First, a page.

The recent Unicef report showed what I think most of us know – basically that breastfeeding is the best thing for baby and mum (less illnesses) and that:

  • increased illnesses put more pressure on the NHS funds
  • quality research into the benefits of breastfeeding is hampered by lack of money in the NHS
  • effective services to increase and sustain breastfeeding is likely to provide a return within a few years, possibly one year

For a couple of months I have been volunteering at Kingsmill Hospital in my capacity as a Breastfeeding Peer Supporter through Surestart. Details of the programme here.

Firstly I have to emphasis how much I get from this. I totally love newborns and I get to see lots who are only a day or so old! They are like little feral creatures all screwed up, a little bit furry and not quite sure about the world they have entered into.

Surestart (Ashfield) have implemented a 72 hour call out service whereby the Peer Supporters call breastfeeding mums, who have consented to have their details taken, to see how they are getting along 72 hours after a baby’s birth – the time when most women give up breastfeeding. This usually coincides with the time when baby is getting hungry and mum’s milk is just coming in. All breastfeeding mums will recognise this time when you are tired, sore and vulnerable and baby is very hungry!

Up until recently it was the midwives or ward staff who would take the details from the mums, and these were passed on to Surestart to make the calls at the next breastfeeding support meeting. Several months ago the decision was made to invite Peer Supporters to take over this job. This, in my opinion, is a wonderful step forwards. Not only does it free up the ward staff but it also gives mums a great opportunity to meet another mum who has breastfed her baby and knows exactly how she feels.

So far the service has been a great success with the consents going from averaging 5 a week to 35! A seven fold increase! The service is particularly important for first time breastfeeding mums, although some mums who have already fed one baby successfully find the call useful as, let’s face it, you forget!

As well as taking the details I have been lucky enough to get a chance to see how breastfeeding is going and offer advice and support at the same time. I have realised it is really little things that can make a massive difference. In just the couple of times I have been on the ward so far there are the same themes that arise..

“My baby isn’t feeding much..” …. “Yesterday she fed loads but today it has been more sporadic”…

Just hearing someone say “that’s normal” makes such a difference to new parents who are searching for the answer. All babies are different and some don’t feed massively in the first 24 hours and it all depends on what pain relief the mother had in labour. Breastfed babies also don’t always fall into a natural pattern of feeding and sleeping every four hours either. I had one baby who was a dream sleeper/feeder and one that was the complete opposite catnapping and nibbling!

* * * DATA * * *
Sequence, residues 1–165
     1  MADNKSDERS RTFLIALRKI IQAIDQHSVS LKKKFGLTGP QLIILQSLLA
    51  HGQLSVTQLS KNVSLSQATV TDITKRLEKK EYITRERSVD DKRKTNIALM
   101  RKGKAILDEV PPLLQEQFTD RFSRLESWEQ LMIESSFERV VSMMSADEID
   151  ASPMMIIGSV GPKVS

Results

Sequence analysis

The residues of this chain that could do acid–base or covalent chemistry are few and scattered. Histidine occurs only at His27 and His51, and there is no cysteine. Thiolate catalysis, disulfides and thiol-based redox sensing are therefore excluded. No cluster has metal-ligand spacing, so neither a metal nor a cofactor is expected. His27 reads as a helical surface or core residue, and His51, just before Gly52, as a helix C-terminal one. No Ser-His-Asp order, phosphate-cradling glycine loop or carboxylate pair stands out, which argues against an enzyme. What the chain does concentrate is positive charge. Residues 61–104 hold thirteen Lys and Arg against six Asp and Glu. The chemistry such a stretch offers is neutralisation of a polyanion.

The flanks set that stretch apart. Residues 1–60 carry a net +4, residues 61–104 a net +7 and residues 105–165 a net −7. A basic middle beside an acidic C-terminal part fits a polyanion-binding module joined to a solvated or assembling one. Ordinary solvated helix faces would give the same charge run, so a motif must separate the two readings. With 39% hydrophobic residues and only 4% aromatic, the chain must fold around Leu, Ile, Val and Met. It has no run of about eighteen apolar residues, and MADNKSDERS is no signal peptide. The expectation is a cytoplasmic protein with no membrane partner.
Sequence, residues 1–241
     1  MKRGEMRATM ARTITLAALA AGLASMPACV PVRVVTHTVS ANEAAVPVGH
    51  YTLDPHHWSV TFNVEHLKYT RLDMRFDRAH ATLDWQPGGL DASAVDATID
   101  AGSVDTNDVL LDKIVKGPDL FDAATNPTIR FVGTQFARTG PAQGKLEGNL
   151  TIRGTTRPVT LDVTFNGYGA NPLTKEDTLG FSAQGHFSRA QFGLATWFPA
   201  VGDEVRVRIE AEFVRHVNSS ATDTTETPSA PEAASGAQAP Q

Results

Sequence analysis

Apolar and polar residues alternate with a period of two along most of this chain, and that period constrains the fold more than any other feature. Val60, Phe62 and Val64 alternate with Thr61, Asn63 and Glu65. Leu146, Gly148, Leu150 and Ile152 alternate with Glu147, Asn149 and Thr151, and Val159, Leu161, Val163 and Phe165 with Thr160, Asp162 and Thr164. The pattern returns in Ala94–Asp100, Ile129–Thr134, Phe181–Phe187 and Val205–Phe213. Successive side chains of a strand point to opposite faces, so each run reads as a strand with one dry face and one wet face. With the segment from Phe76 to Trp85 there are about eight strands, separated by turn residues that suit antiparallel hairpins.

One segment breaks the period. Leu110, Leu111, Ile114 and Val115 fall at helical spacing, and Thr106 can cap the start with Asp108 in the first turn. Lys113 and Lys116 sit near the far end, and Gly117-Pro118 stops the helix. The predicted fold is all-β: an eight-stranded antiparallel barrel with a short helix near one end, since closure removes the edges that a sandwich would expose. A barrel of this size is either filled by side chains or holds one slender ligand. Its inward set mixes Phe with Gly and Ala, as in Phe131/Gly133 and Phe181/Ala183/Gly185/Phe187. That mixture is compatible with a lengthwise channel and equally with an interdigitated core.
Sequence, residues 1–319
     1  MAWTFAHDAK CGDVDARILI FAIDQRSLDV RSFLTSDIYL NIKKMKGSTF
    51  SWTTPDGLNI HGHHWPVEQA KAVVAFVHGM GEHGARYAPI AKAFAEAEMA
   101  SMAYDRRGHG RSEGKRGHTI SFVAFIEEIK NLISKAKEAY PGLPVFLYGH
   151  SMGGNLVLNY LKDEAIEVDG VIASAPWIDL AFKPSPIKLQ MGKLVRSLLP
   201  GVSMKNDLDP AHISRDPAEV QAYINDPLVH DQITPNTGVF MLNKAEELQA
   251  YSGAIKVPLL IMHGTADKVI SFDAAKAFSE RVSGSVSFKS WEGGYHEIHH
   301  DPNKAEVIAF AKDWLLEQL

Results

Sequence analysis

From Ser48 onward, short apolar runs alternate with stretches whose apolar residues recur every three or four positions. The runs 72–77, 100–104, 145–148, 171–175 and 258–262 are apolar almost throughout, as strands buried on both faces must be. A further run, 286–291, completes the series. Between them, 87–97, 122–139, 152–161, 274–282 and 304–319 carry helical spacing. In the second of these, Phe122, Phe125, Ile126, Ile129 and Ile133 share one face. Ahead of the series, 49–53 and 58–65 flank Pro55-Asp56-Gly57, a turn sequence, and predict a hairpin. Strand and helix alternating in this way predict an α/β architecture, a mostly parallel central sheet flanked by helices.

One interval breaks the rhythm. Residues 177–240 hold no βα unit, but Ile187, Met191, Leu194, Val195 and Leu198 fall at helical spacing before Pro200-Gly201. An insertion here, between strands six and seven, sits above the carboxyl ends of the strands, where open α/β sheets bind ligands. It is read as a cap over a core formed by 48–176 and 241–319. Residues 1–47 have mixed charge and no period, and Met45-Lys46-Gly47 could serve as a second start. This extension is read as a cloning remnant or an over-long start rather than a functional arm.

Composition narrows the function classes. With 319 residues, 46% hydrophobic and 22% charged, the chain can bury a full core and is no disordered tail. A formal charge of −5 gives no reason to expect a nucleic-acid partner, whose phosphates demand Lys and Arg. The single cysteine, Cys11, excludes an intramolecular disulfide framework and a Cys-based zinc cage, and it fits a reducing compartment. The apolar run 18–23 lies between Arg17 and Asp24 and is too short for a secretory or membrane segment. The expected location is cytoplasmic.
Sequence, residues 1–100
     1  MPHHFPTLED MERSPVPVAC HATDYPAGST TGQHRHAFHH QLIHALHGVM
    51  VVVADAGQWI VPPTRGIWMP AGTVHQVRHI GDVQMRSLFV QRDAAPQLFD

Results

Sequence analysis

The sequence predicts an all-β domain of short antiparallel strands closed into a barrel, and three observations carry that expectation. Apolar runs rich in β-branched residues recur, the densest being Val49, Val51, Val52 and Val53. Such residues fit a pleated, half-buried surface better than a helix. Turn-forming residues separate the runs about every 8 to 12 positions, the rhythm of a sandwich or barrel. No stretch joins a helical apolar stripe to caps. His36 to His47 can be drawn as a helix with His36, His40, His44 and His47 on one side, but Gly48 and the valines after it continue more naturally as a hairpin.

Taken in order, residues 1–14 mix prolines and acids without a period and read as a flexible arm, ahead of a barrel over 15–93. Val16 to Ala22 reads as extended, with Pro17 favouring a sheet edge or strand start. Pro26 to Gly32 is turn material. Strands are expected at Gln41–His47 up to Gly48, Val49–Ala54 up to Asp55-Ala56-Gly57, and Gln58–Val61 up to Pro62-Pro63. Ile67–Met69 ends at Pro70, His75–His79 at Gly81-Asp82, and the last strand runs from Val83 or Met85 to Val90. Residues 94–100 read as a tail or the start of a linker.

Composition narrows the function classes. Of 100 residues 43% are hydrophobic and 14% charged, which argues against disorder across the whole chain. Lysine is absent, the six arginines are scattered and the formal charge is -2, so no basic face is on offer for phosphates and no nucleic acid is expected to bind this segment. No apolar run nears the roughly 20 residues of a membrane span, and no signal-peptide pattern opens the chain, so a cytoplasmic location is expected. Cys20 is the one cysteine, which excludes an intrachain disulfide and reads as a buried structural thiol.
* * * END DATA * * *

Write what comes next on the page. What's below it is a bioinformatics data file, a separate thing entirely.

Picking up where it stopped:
I think in some ways (and my completely non medical opinion!) the ward put a lot of pressure on new mums to feed a new baby in a pattern. One mum was expressing when the baby was one day old (surely that is just colostrum and you aren’t going to get much?) as baby wasn’t feeding “enough”. I guess whatever helps build up your milk supply is a good thing for whenever baby does get hungry though.

What are your opinions on the Unicef report? Do you have any tips to encourage breastfeeding for new mums? Would love to hear your thoughts..

I have lots of other breastfeeding posts here..

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5 Responses to Breastfeeding: do we get the right support?

  1. […] haven’t been doing much of the breastfeeding support volunteering at the hospital due to confusion with the week’s when I go and twice I went and […]

  2. […] about two or three months old. I actually thought about getting involved as an extension from the volunteering I do at the hospital whereby I get consents to phone breastfeeding mothers when their baby is about […]

  3. Lisa | says:

    Great post. I found the UNICEF report fascinating. I felt it really highlighted that women who want to breastfeed just aren’t getting the help they need to make that happen. When I saw that 90% of the women who quit didn’t want to, I thought that that is where women are clearly being let down by the medical professionals who are supposed to help them. In fact, it made me decide that we are being lied to when we are told breastfeeding is a real choice:

  4. Anna C says:

    Good post and I was very interested to hear about the work you’re doing, how did you first get involved?

    I feel there needs to be a more balanced approach to breastfeeding in general. It is pushed on new mothers a lot but when there is a problem there is very little help. I also feel we need to scrap the myths that it is the easy option and helps you to get your pre pregnancy body back. Not to mention the guilt! I ebf for six months and finally stopped at nine months, yet I still feel guilty about stopping. Which is mad!!

    • Louise says:

      Agree with all you say here, and with you about the guilt – totally! It is madness 🙂 I got involved through Surestart. They ran a course for peer supporters to support and encourage breastfeeding rates. Hopefully it is helping mums make informed choices. Thanks for your comment. x

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